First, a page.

the rigorous m

bits and bobs, quotes and catching up

Archive for April, 2010

it could never have been otherwise

Posted by rigorousm on April 28, 2010

…History is what hurts, it is what refuses desire and sets inexorable limits to individual as well as collective praxis, which its “ruses” turn into grisly and ironic reversals of their overt intention. But this History can be apprehended only through its effects, and never directly as some reified force. This is indeed the ultimate sense in which History as ground and untranscendable horizon needs no particular theoretical justification….

— Fredric Jameson. The Political unconscious: narrative as a socially symbolic act. P. 91. New York: Cornell University Press, 1981.

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on un-becoming girls

Posted by rigorousm on April 17, 2010

Henrietta said: “Once I was a young girl, very much like any other young girl, interested in the same things, I was exemplarary. I was told what I was, that is to say, a young girl, and I knew what I was because I had been told and because there were other young girls all around me who had been told the same things and knew the same things, and looking at them and hearing again in my head the things I had been told I knew what a young girl was. We had all been told the same things. I had not been told, for example, that some wine was piss and some not and I had not been told … other things. Still I had been told a great many things all very useful but I had not been told that I was going to die in any way that would allow me to realize that I really was going to die and that it would be all over, then, and that this was all there was and that I had damned well better make the most of it. That I discovered for myself and covered with shame and shit as I was I made the most of it. I had not been told how to mak the most of it but I figured it out. Then I moved through a period of depression, the depression engendered by the realization that I had placed myself beyond the pale, there I was, beyond the pale. Then I discovered that there were other people beyond the pale with me, that there were quite as many people on the wrong side of the pale as there were on the right side of the pale and that the people on the wrong side of the pale were as complex as the people on the right side of the pale, as unhappy, as subject to time, as subject to death. So what the fuck? I said to myself in the colorful language I had learned on the wrong side of the pale. By this time I was no longer a young girl. I was mature.”

– Donald Barthelme, “Henrietta and Alexandra” Pp. 81-82 in Overnight to Many Distant Cities

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Posted by rigorousm on April 11, 2010

…it is to avoid the figurative, illustrative, and narrative character the Figure would necessarily have if it were not isolated. Painting has neither a model to represent nor a story to narrate. It thus has two possible ways of escaping the figurative: toward pure form, through abstraction; or toward the purely figural, through extraction or isolation. If the painter keeps to the Figure, if he or she opts for the second path, it will be to oppose the “figural” to the figurative. Isolating the Figure will be the primary requirement. The figurative (representation) implies the relationship of an image to other images in a composite whole that assigns a specific object to each of them. Narration is the correlate of illustration. A story always slips into, or tends to slip into, the space between two figures in order to animate the illustrated whole. Isolation is thus the simplest means, necessary though not sufficient, to break with representation, to disrupt narration, to escape illustration, to liberate the Figure: to stick to the fact.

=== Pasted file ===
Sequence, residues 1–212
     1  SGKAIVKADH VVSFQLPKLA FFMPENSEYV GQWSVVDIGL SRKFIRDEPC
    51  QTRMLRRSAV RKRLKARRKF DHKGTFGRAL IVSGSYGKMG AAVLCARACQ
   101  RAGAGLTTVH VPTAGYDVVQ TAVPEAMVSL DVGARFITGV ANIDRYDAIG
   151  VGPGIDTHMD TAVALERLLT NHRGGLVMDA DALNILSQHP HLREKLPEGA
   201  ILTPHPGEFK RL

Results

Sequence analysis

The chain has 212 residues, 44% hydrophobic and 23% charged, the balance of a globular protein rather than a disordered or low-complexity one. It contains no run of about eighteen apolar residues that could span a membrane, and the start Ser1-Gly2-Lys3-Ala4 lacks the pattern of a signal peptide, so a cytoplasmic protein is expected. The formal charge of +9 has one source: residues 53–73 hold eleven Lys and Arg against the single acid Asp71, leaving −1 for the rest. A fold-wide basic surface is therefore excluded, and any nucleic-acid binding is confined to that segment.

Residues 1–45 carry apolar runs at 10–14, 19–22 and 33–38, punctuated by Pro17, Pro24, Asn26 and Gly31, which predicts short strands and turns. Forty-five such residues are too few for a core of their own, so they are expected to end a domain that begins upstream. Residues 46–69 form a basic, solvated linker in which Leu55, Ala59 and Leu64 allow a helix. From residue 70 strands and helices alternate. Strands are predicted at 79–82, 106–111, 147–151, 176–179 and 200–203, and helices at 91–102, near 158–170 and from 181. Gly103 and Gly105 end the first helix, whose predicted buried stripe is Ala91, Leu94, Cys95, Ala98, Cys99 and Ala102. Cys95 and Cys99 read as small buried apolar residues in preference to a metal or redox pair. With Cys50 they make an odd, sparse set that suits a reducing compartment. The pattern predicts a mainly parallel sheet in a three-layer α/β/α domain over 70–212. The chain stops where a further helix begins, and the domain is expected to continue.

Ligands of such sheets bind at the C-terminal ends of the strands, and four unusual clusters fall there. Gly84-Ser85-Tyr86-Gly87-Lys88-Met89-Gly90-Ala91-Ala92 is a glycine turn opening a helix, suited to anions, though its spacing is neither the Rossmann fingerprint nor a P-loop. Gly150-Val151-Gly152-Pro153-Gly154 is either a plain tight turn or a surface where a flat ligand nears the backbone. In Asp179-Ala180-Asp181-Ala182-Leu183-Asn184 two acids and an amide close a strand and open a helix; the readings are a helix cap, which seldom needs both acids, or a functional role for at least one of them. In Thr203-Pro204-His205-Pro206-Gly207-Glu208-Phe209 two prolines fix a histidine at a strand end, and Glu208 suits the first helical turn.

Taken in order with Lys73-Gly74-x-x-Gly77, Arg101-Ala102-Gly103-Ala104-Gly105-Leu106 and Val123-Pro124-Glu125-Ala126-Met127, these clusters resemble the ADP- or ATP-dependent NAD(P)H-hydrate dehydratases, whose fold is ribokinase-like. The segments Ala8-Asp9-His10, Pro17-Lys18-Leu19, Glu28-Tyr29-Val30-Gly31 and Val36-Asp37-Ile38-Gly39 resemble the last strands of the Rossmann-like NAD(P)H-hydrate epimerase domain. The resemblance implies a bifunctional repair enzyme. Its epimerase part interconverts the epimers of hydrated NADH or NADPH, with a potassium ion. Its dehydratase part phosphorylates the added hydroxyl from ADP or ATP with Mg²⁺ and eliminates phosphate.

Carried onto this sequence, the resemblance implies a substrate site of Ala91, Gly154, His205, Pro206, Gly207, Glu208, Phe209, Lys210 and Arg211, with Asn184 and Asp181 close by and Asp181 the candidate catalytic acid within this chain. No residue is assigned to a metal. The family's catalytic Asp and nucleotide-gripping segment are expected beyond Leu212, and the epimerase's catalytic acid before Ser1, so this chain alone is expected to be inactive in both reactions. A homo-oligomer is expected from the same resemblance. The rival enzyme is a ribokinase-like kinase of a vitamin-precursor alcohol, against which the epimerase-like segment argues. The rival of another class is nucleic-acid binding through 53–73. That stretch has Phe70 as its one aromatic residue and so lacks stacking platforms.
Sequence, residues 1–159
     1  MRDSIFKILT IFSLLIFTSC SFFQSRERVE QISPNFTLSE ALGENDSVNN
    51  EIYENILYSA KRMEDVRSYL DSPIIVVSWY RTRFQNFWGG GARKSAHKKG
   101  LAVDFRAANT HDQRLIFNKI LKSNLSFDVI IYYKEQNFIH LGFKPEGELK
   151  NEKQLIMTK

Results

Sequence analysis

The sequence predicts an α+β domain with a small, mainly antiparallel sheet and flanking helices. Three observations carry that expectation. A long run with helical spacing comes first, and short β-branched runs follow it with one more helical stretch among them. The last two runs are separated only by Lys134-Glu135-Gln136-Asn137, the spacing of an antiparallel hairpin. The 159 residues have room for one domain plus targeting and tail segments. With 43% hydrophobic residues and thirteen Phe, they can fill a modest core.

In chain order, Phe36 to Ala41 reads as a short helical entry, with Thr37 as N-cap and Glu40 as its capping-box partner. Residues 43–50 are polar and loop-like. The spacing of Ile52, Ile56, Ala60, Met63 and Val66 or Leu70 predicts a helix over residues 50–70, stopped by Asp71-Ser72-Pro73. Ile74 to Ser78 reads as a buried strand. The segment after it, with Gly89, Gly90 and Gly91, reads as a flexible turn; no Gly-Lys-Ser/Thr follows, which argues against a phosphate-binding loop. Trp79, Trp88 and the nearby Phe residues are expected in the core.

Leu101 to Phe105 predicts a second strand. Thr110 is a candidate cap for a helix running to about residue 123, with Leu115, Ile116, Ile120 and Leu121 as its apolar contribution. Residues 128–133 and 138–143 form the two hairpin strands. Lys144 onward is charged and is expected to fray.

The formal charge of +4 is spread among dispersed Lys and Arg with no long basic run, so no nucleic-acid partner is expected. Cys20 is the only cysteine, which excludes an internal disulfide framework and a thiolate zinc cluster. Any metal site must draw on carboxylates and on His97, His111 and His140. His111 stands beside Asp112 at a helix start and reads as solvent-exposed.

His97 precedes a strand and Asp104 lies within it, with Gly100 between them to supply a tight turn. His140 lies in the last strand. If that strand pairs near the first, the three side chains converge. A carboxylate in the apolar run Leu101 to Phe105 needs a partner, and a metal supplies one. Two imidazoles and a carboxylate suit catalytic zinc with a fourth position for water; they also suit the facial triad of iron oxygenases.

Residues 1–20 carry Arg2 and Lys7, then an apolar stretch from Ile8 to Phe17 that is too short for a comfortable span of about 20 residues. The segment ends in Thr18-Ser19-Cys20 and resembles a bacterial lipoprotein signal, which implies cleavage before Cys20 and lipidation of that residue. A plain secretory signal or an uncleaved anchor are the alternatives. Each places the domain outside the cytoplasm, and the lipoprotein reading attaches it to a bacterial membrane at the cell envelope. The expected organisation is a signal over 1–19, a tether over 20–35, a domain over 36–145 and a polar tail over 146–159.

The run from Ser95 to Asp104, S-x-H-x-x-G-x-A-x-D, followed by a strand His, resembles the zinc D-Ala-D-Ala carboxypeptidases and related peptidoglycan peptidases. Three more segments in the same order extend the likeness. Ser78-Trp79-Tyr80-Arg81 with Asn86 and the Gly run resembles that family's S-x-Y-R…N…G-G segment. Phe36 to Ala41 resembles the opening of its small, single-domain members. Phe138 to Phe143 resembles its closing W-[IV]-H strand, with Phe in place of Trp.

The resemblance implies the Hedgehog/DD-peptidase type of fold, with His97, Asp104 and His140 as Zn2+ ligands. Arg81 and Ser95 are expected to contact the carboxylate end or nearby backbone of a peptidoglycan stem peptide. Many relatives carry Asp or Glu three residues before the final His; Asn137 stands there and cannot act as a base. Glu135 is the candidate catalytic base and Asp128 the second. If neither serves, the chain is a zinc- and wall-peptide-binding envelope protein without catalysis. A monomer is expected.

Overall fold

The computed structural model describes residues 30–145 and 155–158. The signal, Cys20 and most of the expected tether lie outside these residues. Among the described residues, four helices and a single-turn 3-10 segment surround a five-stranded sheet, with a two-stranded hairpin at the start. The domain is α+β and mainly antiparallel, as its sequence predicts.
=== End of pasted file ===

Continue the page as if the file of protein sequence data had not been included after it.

– Gilles Deleuze, “The Round Area The Ring” p. 6 in Francis Bacon: the logic of sensation, 2004.

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image: moment of freedom

Posted by rigorousm on April 9, 2010

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news versus story-telling

Posted by rigorousm on April 6, 2010

Every morning brings us news of the globe, and yet we are poor in noteworthy stories. This is because no event any longer comes to us without already being shot through with explanation. In other words, by now almost nothing that happens benefits story-telling, almost everything benefits information. Actually, it is half the art of story-telling to keep a story free from explanation as one reproduces it. …The most extraordinary things, marvelous things, are related with the greatest accuracy, but the psychological connection of the events is not forced on the reader. It is left up to him to interpret things the way he understands them, and thus the narrative achieves an amplitude that information lacks.

– Walter Benjamin and Harry Zohn, 1963. “The Story-Teller: Reflections on the Works of Nicolai Leskov.” Chicago Review 16(1):85.

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